The doctor had suggested that it was thus for a reason somewhat below the surface—where the unknown motives lie. Breasts were our first joy and nurture, and our first disappointment when weaning stole them away. Through a haze of cigar smoke, his new friend had professed his radical theory that our first sexuality was in sucking and biting. The doctor’s original ideas fascinated him.

“Some sherry this evening? Warm up the chilly night? We have some fragrant tea!”

They went through this ritual each evening. Her genteel hospitality was followed by his apologetic demurring. Then she would say that it had been another long day, and, excuse, please, but she would be indulging.

When she turned away to the drink cart, he spied a photo of her and her father he had not noticed before and picked it up to study it. In the picture, she was dressed in a polka dot dirndl with a white apron, her hair piled atop her head in the style before the war, a picture of domestic femininity and filial devotion. The style was quite a contrast from current couture. Perhaps women now dressed and styled their hair as they did to look more like a man. A fitting response to the theory that women had smaller brains and were not a man’s equal. Such fashion and coiffure made them less alluring. Although, it did make them easier to converse with and share ideas since it quelled the urge to fixate on the bustier—though even the most proper mind would eventually cloud with fantasies when a pretty woman was about.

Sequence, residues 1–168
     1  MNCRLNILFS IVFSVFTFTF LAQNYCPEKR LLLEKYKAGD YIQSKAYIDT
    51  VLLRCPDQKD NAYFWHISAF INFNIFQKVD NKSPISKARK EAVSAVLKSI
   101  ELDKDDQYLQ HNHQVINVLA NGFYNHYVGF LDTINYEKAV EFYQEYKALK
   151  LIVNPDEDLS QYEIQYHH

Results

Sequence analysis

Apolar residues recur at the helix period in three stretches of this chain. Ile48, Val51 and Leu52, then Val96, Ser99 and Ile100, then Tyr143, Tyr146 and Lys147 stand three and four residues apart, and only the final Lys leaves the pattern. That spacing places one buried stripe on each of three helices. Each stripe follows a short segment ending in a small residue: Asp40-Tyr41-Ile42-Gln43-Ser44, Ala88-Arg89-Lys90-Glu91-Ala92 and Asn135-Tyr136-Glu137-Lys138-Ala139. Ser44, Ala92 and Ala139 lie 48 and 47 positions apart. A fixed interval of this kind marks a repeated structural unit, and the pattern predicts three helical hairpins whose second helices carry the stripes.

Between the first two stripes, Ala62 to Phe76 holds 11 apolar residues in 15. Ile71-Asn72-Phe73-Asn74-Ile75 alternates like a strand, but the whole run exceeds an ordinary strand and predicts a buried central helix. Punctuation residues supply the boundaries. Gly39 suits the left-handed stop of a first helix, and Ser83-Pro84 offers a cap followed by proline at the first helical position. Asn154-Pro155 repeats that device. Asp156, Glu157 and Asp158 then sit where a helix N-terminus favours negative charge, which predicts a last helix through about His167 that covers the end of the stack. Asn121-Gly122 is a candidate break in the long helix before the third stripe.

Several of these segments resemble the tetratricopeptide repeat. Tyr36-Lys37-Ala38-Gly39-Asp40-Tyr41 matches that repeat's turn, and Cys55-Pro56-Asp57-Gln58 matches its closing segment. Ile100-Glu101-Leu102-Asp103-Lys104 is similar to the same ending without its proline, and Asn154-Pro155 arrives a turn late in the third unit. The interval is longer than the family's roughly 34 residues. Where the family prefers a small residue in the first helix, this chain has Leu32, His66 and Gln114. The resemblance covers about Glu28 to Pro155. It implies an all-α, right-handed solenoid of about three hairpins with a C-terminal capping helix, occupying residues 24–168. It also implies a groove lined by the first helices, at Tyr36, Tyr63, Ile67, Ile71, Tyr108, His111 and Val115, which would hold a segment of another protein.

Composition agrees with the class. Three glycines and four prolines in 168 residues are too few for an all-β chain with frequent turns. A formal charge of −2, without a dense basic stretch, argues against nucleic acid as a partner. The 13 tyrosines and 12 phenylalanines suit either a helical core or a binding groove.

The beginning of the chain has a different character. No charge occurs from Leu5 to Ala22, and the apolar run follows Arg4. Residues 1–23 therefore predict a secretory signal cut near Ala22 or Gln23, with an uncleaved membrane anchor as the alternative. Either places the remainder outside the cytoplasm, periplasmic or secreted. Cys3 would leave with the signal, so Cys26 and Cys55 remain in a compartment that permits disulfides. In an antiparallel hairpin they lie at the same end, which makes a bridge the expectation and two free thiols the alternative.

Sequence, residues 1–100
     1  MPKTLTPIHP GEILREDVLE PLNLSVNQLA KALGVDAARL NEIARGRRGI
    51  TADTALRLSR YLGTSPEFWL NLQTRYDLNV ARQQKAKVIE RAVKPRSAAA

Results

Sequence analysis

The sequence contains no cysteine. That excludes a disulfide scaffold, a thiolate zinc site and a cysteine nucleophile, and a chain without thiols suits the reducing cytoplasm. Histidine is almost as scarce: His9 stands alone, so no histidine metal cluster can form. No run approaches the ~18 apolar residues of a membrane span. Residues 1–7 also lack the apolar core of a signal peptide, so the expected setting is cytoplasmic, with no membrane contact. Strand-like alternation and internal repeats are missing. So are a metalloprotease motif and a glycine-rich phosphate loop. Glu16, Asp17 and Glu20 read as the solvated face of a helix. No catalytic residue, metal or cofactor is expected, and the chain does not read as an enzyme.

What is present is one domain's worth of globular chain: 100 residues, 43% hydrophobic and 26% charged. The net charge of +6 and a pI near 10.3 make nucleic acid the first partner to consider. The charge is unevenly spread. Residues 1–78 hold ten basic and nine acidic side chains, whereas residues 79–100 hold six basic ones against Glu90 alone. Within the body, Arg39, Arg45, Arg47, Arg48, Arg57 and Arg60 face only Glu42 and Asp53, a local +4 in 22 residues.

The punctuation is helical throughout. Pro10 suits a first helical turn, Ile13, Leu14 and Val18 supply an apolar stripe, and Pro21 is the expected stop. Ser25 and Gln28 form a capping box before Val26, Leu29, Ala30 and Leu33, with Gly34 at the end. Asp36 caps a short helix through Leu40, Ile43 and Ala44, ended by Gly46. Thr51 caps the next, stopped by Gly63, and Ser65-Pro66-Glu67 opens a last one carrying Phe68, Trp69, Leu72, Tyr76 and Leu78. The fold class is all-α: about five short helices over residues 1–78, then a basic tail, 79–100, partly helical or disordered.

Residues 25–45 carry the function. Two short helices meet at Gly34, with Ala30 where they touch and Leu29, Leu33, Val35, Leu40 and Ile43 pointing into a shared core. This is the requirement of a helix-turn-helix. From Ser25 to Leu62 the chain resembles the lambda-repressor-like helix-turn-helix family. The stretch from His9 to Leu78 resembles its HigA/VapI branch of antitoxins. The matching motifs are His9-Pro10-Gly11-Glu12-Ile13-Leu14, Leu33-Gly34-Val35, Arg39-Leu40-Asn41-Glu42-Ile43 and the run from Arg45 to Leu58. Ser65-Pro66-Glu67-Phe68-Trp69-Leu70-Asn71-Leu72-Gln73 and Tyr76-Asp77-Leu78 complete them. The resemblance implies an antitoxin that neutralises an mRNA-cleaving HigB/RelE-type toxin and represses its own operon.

He smiled to himself at this little revelation. Perchance the insights of Die Lieber Doktor were having their effect on him.

He was so caught up with his musings and the charm of the photograph that he did not notice that she had turned back toward him. He was rarely taken by surprise.

“Oh, don’t look at that old thing!” she pleaded. “I was such an awkward young girl and that dress makes me look like a peasant from the Alps.”

He set it back on the shelf and feigned appreciation of the beaux arts frame. He scanned the ornaments, artifacts, and photographs that revealed much of the learned household. The expressions in some of the photographs intimated some of the troubles of this family. Better than staring at his shoes like an abashed schoolboy which she might have interpreted as inattentive and rude.

If he had looked at her, looked into her eyes, all would be lost.

With an askance glance, he noted her lithely lower herself into the red velvet Victorian chair with her knees together and toward him. He would not have expected such poise in a female intellectual-- rather sturdy shoes and owlish glasses. She was the portrait of enticement and propriety.

Since he would not look at her, she took the opportunity and license to take him in without reserve.

She did not deny the turmoil his presence caused her. A rigorous honesty about her thoughts and desires, admitting the truth of them to herself at every turn, had been instilled in her since she could speak. Her father’s doing. This mind-churning, ongoing analysis was sometimes a benefit, sometimes an annoyance, and often an impediment to spontaneity. In the last few years, since her father had formally started to analyze her, her scrutiny of details had become razor-sharp. Her concern that this scrutiny cut both ways had become obsessive.

She could therefore not ignore that for months now, every evening, at quarter past seven, when the doorbell rang, she felt her nipples harden and her pulse quicken.

She shook her head at this betrayal by her body. She thought of that dog in the Russian experiment.